Do Newark’s charter schools do a better job of serving students and their families by hiring more support professionals? “Russakoff spends much of The Prize describing two Newark schools: BRICK Avon, a K-8 elementary school that is part of the Newark Public Schools (NPS), and SPARK Academy, one of the schools that is part of the TEAM/KIPP charter school network.”  Russakoff emphasizes the number of school social workers at the KIPP school and the lack of any social worker at the public school. Weber explains, however, that BRICK Avon’s lack of a social worker is an anomaly in the Newark Public Schools, and though it lacks a social worker, the school is staffed with a school psychologist and a counselor, while the KIPP school has neither.  The public school also has access to support professionals employed at the district level, professionals who move among several buildings.

Are Newark’s public schools staffed with weak teachers while the teachers at the city’s charters are more effective?  Weber charges that Russakoff simply failed to investigate this issue and instead relied on received wisdom from the people with whom she spoke in Newark.  “Many of the protagonists in The Prize believe that NPS schools suffer from poor teacher quality.  Russakoff dutifully reports their misgivings; what she doesn’t do is challenge them to show that the poorest performing schools in the system have the weakest teachers.  Nor does she explore how teacher characteristics changed following (Cami) Anderson’s ‘Renewal’ plan.  In my 2015 testimony to the JCPS (Joint Committee on Public Schools), I presented evidence on how the teaching staffs at the ‘Renew’ schools had changed following their reconstitution…. (S)taffs had become less experienced and had fewer black members following ‘renewal.’  Both teacher experience and teacher-student racial alignment (particularly for racial minority students) have been found to be beneficial for student achievement outcomes… Teacher quality is a central theme of The Prize, yet Russakoff spends little time exploring how teaching staffs have changed in Newark under the reforms brought about by the Zuckerberg donation.”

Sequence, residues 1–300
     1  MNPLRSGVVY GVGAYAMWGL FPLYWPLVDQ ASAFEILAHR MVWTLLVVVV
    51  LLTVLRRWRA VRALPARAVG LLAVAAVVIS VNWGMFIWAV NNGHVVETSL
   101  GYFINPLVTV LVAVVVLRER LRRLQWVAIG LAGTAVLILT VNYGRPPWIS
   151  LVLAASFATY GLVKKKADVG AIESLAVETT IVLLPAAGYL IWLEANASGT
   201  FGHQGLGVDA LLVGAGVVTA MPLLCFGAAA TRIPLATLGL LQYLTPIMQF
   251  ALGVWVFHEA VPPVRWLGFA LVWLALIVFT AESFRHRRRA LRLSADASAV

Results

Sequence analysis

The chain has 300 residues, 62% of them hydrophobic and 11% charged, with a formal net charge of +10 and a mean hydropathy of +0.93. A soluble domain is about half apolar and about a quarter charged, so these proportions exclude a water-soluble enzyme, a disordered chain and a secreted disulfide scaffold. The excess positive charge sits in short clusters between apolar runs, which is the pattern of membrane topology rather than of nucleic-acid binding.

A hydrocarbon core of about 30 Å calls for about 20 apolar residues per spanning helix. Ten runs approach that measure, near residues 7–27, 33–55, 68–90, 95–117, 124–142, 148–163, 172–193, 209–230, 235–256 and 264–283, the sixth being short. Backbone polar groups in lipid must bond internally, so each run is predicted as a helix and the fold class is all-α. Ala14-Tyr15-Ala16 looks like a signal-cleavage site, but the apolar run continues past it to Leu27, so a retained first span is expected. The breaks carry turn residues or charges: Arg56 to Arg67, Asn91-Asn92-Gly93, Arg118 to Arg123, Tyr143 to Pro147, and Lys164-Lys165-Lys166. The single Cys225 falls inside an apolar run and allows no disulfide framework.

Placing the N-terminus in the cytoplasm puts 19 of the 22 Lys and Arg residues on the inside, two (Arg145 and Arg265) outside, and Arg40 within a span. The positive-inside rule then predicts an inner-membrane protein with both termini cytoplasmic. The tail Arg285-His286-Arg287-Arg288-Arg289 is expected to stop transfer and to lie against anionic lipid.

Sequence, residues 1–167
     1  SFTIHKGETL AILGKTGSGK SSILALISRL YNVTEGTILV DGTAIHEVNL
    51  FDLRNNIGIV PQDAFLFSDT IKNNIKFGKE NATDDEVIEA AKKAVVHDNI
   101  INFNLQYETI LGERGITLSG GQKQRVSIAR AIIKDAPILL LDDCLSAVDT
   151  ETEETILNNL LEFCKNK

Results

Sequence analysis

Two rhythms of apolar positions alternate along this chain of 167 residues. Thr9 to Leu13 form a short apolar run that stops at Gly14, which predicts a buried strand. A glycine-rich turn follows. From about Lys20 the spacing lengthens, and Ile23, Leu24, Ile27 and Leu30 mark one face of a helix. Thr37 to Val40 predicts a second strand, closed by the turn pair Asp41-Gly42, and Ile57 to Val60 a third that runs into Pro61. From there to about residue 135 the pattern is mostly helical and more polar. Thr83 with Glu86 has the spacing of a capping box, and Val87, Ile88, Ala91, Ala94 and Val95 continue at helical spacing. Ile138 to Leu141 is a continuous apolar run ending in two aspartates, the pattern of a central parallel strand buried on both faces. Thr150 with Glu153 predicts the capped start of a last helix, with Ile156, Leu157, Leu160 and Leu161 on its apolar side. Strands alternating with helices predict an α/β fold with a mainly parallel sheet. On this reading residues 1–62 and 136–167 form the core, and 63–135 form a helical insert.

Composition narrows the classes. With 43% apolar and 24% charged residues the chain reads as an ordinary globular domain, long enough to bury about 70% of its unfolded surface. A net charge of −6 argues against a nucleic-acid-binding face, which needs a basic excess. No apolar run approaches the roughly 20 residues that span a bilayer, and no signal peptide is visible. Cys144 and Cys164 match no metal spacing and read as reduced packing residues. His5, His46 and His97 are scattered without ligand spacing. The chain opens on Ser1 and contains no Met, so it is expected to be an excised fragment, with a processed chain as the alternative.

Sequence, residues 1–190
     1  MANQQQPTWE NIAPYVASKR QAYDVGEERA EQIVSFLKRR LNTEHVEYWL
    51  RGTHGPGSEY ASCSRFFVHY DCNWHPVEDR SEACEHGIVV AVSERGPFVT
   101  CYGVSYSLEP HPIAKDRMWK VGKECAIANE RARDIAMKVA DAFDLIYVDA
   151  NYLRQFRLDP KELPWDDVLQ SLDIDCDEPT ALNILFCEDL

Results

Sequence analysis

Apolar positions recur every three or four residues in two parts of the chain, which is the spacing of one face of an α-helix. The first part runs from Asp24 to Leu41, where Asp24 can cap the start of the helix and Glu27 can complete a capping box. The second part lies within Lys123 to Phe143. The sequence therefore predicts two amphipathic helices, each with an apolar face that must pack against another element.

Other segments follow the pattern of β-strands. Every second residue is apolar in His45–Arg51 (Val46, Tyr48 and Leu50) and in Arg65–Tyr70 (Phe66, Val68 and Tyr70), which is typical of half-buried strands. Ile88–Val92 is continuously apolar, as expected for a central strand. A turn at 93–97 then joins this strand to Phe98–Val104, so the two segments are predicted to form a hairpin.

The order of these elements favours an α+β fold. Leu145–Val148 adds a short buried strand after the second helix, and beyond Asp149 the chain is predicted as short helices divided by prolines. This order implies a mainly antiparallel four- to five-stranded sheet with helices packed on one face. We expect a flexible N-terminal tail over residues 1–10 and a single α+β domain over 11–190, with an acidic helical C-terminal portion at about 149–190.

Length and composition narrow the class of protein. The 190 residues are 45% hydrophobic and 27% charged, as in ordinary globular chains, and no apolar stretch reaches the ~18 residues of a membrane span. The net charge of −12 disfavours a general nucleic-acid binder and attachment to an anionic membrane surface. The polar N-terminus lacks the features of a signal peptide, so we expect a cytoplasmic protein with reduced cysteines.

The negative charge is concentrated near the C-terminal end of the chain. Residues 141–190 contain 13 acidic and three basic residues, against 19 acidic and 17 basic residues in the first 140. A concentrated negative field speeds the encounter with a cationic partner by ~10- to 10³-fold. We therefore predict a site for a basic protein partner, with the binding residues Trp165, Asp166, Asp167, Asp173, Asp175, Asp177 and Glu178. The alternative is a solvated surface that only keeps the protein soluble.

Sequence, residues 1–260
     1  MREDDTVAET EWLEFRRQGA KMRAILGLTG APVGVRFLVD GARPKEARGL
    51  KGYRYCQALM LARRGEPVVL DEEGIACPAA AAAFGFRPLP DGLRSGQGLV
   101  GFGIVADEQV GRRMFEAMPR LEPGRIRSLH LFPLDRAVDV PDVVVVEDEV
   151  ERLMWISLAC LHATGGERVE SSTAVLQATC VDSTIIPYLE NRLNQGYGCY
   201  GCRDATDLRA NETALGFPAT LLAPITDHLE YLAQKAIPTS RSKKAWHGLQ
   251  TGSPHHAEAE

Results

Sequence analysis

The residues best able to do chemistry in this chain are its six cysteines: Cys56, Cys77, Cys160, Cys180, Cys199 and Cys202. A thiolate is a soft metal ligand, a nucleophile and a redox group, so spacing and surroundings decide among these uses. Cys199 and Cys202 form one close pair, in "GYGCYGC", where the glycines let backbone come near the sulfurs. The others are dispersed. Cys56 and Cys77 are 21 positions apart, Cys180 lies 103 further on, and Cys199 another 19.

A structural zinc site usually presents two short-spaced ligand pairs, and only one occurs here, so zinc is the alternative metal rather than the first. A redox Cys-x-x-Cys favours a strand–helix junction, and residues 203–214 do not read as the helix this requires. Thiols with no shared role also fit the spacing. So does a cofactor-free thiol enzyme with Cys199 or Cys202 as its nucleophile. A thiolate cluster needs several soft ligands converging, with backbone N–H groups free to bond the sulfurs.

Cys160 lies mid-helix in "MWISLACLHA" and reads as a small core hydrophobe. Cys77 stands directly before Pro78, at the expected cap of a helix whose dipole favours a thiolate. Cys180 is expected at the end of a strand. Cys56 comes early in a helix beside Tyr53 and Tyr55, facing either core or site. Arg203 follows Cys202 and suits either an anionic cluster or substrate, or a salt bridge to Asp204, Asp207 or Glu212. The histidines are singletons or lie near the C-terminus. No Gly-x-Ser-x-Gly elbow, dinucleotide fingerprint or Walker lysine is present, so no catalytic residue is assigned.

Weber concludes: “Russakoff presents too many figures out of their proper context.  She relies on single comparisons rather than looking at the entirety of the city’s public district schools and its charter sector.  Her use of proprietary data that cannot be vetted is unwarranted, especially when public data is available.  And she does not adequately challenge the assertions of the ‘reformers’ in her story, potentially leading her readers to conclusions that are not borne out by the available evidence… (T)he notions that NPS  is an unusually bloated system, or that charter schools divert more funds toward student instruction, or that Newark’s ‘reformers’ have accurately identified its poorest-performing schools, are simply not supported by the evidence… (W)hile The Prize is a worthy read for its political narrative, its misapplication of data renders it inadequate as an analysis of education policy.”

Reports Add Up to Show Charter Fraud, Charter Failure, and Incapacity to Realize What Was Promised

In a new blog post Gene V. Glass, who, earlier this year with David Berliner published the excellent 50 Myths & Lies That Threaten America’s Public Schools, recently posted, Are Charter Schools Greenhouses for Innovation and Creativity?  Glass declares: “The rationale for the charter school movement went something like this: ‘Public education is being crushed by bureaucratic regulation and strangled by teacher unions.  There is no room left for creative innovation; and tired, old traditional educators have run out of energy and ideas.  Let free choice reign!’ It sounded good, especially to people who were clueless about how schools actually run.  How have things actually worked out?  What new, revolutionary ideas have come out of the charter school movement that can teach us all about how to better educate the nation’s children?”  Glass describes the conclusion in his and Berliner’s new book: “that in our opinion the vast majority of charter schools were underperforming traditional K-12 public schools and that the charter school industry was shot through with fraud and mismanagement.”  You’ll have to check out his blog post to read the story of his confrontation with two young charter teachers who recently tried to prove to him that their school was more innovative than the surrounding public school district only to learn that the International Baccalaureate program their charter had just launched was introduced ten years ago and continues to be offered in the public schools.  Berliner’s critique of charters comes among a recent rash of news reports about the woes of the charter sector.